The scheme was part of a plan by Whitlam’s Minerals and Energy Minister Rex Connor who wanted get government control/ownership of the country’s resources, by squeezing out Australian companies like BHP and foreign investors. Sound a bit familiar? 

The main players in the scandal were Gough Whitlam, Rex Connor and the Treasurer, Jim Cairns who, incredibly, was trying to get the loan through, independent of any Australian Treasury scrutiny and advice. Rex Connor was eventually held responsible for the Loans Affair scandal and resigned. He was replaced by one Paul Keating. 

In July 1975 Whitlam sacked Jim Cairns. In November 1975 the Governor General, Sir John Kerr, sacked Gough Whitlam. 

Today we are in a situation whereby our Prime Minister, Kevin Rudd, seems determined to take his government down the Whitlam path. There is almost a demented madness in the way the Rudd experiment lurches from crisis to crisis, disaster to disaster, project to project, big idea to big idea — but all ending in a great big new mess. 

Messes like border protection, climate change policy, BER schools rip-offs, pink batts, indigenous housing disasters, building the national debt and the control freak nature of the new industrial laws — to say nothing of the mining super profits tax have the feel of amateurism. All these cock-ups could and should have been avoided if due process, control and clear thinking by the collective minds of a fully functional cabinet had been the priority of our Dear Leader. It wasn’t. The Prime Minister doesn’t do collective thinking. 

When things go wrong Kevin Rudd is keen to wheel out his silent ministers, remove the gag, and have them face the media and public scorn. We see Chris Evans when the border policy fails. We see Peter Garrett when people die and houses burn down with the pink batts debacle. We see poor Jenny Macklin trying to explain about $600 million worth of Aboriginal houses that are not being built.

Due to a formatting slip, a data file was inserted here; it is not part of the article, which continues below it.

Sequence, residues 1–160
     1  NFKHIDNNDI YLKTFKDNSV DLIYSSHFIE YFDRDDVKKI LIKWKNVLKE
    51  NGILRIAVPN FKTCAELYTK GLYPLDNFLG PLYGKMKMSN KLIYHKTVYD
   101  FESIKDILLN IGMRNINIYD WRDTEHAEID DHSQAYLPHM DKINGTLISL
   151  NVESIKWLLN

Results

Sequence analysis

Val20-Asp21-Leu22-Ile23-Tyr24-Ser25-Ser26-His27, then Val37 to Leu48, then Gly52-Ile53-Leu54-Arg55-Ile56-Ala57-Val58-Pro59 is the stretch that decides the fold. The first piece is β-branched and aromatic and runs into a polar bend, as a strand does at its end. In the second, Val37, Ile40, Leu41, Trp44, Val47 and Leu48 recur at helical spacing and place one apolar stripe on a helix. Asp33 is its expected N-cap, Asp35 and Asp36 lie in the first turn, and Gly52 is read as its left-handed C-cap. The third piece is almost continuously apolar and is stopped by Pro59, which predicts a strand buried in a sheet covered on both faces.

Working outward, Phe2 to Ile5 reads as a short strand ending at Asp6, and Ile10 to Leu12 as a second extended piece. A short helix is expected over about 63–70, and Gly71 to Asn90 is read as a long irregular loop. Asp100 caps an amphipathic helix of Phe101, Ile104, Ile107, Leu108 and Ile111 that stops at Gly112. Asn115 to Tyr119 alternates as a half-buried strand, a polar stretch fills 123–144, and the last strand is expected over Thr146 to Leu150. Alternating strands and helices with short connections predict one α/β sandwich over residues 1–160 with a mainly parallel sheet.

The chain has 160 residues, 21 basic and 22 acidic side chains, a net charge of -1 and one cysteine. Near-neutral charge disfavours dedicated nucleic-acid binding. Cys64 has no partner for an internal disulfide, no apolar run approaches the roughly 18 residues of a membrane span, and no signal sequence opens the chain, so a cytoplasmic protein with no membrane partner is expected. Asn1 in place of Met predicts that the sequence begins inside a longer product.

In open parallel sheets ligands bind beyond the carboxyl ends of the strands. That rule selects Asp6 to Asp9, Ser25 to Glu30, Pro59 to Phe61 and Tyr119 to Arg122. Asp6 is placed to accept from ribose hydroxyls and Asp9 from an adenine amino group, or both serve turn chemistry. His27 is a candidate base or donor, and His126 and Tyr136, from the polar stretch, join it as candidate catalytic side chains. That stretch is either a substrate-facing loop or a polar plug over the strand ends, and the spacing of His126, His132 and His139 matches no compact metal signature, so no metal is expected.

And of course we never see the “tetrarchy” venture forth. You won’t see Julia Gillard anywhere near a bungled school project or Lindsay Tanner doing a photo-op at a burnt out pink batts site. Or Wayne Swan at a closed mine or a mining project that will never open. And you will certainly never see Kevin Rudd down by the Murray or on the Great Barrier Reef explaining his position and stand on climate change. 

This week the Prime Minister’s brother, Greg Rudd, wrote an article for the Weekend Australian. Reading it you come to the conclusion that where his brother, Kevin, must have been touched at school by the verbose fairy, Greg was blessed by a gift from the brevity fairy. It is hard to believe that they were educated in the same country, let alone the same state. Greg Rudd, a man of few words, has a few interesting things to say. 

Can you trust a politician who is your brother? Yes, as a brother; no as a politician. We, the public have made them that way. 

Well no, Greg. Kevin Rudd came to us fully formed, but unfortunately, we the public were not fully informed as to what we were getting. 

Greg went on to say:

What job or jobs is Rudd [Kevin] half way through? Not sure. He has to let us inside his head. This is a scary thought. 

You said it, Greg!